Important Note: in downturns, companies will hire experienced engineers over new graduates.

Because companies don’t have the budget to train new hires. Training engineers is an involved and resource-intensive process

Even a strong foundation in engineering theory won’t cut it. You still probably won’t be profitable for a company. Because experience in engineering trumps formal education

So it’s a different ballgame when you compare experienced engineers and new graduates.

#5 Not employable

Not every engineer is employable for one reason or another.

At the end of the day, employers want to profit off the back of their employees. If you can’t produce quality work consistently, your company will fire you. It’s basic economics.

A big reason for this is the poor engineering education system. Engineering education today needs major reform.

Just having an “engineering” title hanging over your head means absolutely nothing. Labels and letters after your name carry no weight when it’s time to get to work. Especially when people find out you can’t even do a basic calculation.

Also, not all engineers have employable qualities.

Here are some articles I’ve written on how to boost your employability:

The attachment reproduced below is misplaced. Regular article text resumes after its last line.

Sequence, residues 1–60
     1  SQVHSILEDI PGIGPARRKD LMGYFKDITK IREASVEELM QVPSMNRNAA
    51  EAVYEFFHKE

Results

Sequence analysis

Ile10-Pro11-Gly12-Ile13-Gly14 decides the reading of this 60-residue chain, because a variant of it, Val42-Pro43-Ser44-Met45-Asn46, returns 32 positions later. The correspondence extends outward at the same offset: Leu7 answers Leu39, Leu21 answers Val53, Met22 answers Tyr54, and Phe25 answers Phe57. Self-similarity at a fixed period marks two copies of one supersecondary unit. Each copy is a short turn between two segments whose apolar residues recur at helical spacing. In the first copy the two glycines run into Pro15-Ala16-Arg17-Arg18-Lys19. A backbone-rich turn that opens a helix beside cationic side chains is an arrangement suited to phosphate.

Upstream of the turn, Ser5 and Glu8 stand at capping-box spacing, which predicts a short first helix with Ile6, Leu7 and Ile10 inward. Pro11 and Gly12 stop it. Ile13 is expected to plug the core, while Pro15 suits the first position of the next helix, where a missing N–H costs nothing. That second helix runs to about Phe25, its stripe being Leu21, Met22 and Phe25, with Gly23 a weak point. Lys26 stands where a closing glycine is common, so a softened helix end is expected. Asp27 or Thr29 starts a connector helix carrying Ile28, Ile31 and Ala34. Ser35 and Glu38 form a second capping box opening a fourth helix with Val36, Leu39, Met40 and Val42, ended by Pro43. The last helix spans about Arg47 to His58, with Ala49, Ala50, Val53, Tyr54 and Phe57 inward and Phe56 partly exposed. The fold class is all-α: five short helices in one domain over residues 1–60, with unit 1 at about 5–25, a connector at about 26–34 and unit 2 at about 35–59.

In today’s working world, you need to make yourself an awesome engineer. It’s the only way you’ll stand out among your peers.

So, your technical abilities need to constantly evolve through new learning. This means constant self-studying to improve your knowledge base.

Also, it’s expected you’re an all-around great person. No one wants to work with an asshole.

“Why engineers are jobless?” wrap up

Clearly, engineers are jobless for many reasons. But at the end of the day, a lot of the blame is on the engineers themselves.

In today’s globalized market with automation kicking in, you need to maximize your marketability. Otherwise, you’ll quickly get lost in the mix of other job-hunting engineers.

Sure, you may still have a difficult time finding a job. But instead of it taking 24 months, you’ll find a job in 12 months.

So it goes without saying, you may not instantly land your dream job. And that’s totally okay. Because you’ll now have a stepping stone to inch closer to your dream job.

So, don’t give up, and continue making yourself a more awesome engineer every day.

Why do you think engineers are jobless? Do you think engineers are more to blame or outside factors when it comes to unemployment?